Most invasive species have certain traits that make them successful in habitats that they invade. Invasive aquatic and wetland plants generally:
Invasive plants are generally spread to natural waterways accidentally. These unintentional introductions are more likely if a water garden or a retention basin containing invasive plants is built near a natural body of water. The natural waterway may flood into the artificial pond and carry away the contents, or the pond may flood and have its contents swept away into the natural waterway. In addition, seeds and plant fragments of invasive plants can be spread by wind or by traveling wildlife.
Water gardeners and aquarium hobbyists can unintentionally spread potentially harmful plants when they 1) share specimens among friends, neighbors, and gardening and aquarium clubs, or 2) dispose of aquatic plants by releasing them into a natural waterway. Invasive plants are also spread when gardeners moving to warmer climates take plants with them that would otherwise have been controlled in colder climates (i.e., killed during winter). Instead, these plants thrive and become invasive in their new warmer habitat. Some plant enthusiasts even sneak novel plants into the country illegally. By introducing these exotic plants, they run the risk of causing great harm. (Note: Any plants that are brought into the country should be declared to quarantine officials.)
Retail outlets may also contribute to the spread of invasive species. These outlets can sell invasive plants unless the state or federal governments specifically prohibit their sale. In some cases, even prohibited plants may end up being sold if retailers are 1) unaware of the restrictions, or 2) unfamiliar with a plant's scientific name and only know it by a non-invasive alias. Retailers may also sell plants (or use packing materials!) with "hitchhiking" plant fragments or invertebrates (small animals) that may themselves be invasive.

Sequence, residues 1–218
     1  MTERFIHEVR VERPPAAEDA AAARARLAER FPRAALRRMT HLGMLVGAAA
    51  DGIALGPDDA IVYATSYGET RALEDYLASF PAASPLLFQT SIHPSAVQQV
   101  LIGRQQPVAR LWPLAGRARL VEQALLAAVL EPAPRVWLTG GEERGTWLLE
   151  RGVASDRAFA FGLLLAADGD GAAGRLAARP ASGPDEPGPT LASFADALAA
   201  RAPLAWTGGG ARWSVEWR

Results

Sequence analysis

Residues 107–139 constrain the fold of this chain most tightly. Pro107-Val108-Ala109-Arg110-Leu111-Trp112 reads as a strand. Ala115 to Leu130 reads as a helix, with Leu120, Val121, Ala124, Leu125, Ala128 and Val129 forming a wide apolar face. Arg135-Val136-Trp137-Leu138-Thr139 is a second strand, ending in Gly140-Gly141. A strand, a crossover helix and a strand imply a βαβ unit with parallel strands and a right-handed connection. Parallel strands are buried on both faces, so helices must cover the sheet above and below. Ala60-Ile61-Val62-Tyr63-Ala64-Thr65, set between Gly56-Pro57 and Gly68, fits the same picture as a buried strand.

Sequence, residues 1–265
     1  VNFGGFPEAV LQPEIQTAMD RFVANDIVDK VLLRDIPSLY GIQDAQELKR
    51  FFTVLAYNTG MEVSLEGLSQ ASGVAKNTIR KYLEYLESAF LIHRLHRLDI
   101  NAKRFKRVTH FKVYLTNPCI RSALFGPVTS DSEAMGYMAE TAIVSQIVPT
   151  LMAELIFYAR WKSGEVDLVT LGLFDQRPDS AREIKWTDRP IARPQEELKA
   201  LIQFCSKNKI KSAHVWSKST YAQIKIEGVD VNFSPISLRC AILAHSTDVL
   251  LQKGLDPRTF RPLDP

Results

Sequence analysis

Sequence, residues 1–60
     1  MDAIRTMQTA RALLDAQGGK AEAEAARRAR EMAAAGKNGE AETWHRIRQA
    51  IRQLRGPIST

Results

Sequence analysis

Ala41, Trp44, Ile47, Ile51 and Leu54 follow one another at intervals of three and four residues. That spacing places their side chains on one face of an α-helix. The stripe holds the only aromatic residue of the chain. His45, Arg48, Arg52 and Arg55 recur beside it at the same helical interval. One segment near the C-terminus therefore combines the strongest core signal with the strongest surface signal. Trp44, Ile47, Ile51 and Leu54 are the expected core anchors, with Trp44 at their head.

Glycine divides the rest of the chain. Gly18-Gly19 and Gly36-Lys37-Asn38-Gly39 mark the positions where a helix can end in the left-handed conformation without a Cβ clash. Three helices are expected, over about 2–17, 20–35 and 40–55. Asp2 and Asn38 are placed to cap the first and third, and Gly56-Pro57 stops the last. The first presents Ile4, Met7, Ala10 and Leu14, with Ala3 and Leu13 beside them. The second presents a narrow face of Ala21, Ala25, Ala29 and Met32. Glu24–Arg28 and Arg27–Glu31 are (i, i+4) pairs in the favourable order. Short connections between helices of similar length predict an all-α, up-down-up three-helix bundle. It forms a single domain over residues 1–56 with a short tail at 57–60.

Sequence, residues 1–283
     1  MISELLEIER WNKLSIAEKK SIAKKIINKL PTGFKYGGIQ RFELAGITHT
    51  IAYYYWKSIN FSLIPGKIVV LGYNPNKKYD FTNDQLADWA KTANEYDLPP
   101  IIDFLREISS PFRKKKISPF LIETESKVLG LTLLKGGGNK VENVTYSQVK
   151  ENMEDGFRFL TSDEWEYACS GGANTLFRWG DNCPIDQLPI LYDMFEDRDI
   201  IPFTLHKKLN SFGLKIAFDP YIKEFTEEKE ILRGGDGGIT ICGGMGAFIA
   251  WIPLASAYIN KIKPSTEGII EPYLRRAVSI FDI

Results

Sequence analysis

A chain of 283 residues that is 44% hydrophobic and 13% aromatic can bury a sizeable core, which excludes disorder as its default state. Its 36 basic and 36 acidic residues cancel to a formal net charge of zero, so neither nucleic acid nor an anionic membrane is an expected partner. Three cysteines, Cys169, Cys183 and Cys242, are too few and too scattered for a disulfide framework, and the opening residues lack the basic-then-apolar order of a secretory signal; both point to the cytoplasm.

Build your water garden away from natural waterways
Familiarize yourself with invasive plants of regional and national concern
Consider using regionally native or non-invasive exotic plants
Use invasive plants only outside of their hardiness zone
Choose a reputable nursery (whether you shop at a store, through a catalogue, or via the Internet).
Ensure that your purchases are free of any hitchhikers.
Dispose of aquatic plants if they are 1) in a habitat where they could spread into nearby waterways, or 2) in a water garden that is being emptied for the winter.
The information presented was extracted from the brochure, "Invasive Aquatic Plants: What Every Plant Enthusiast Needs to Know," written by Patrice M. Charlebois and Kristin TePas of the Illinois/Indiana Sea Grant of the University of Illinois.
A joint project of Sea Grant and other offices of the University of Connecticut, University of Florida, University of Minnesota, University of Illinois, North Carolina State University and Purdue University